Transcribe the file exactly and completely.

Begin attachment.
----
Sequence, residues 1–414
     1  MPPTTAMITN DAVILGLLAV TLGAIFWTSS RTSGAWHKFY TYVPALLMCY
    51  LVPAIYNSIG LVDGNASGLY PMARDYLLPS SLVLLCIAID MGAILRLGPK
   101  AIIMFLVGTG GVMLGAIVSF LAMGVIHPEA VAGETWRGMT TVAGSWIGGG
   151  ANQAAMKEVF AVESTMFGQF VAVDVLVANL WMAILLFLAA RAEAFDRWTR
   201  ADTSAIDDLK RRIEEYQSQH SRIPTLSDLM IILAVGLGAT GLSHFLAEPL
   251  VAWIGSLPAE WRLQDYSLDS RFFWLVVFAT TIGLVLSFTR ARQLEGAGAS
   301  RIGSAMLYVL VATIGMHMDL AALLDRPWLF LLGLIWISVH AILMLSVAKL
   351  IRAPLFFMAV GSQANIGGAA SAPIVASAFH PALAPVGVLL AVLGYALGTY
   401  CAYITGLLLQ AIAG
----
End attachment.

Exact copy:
Sequence, residues 1–414
     1  MPPTTAMITN DAVILGLLAV TLGAIFWTSS RTSGAWHKFY TYVPALLMCY
    51  LVPAIYNSIG LVDGNASGLY PMARDYLLPS SLVLLCIAID MGAILRLGPK
   101  AIIMFLVGTG GVMLGAIVSF LAMGVIHPEA VAGETWRGMT TVAGSWIGGG
   151  ANQAAMKEVF AVESTMFGQF VAVDVLVANL WMAILLFLAA RAEAFDRWTR
   201  ADTSAIDDLK RRIEEYQSQH SRIPTLSDLM IILAVGLGAT GLSHFLAEPL
   251  VAWIGSLPAE WRLQDYSLDS RFFWLVVFAT TIGLVLSFTR ARQLEGAGAS
   301  RIGSAMLYVL VATIGMHMDL AALLDRPWLF LLGLIWISVH AILMLSVAKL
   351  IRAPLFFMAV GSQANIGGAA SAPIVASAFH PALAPVGVLL AVLGYALGTY
   401  CAYITGLLLQ AIAG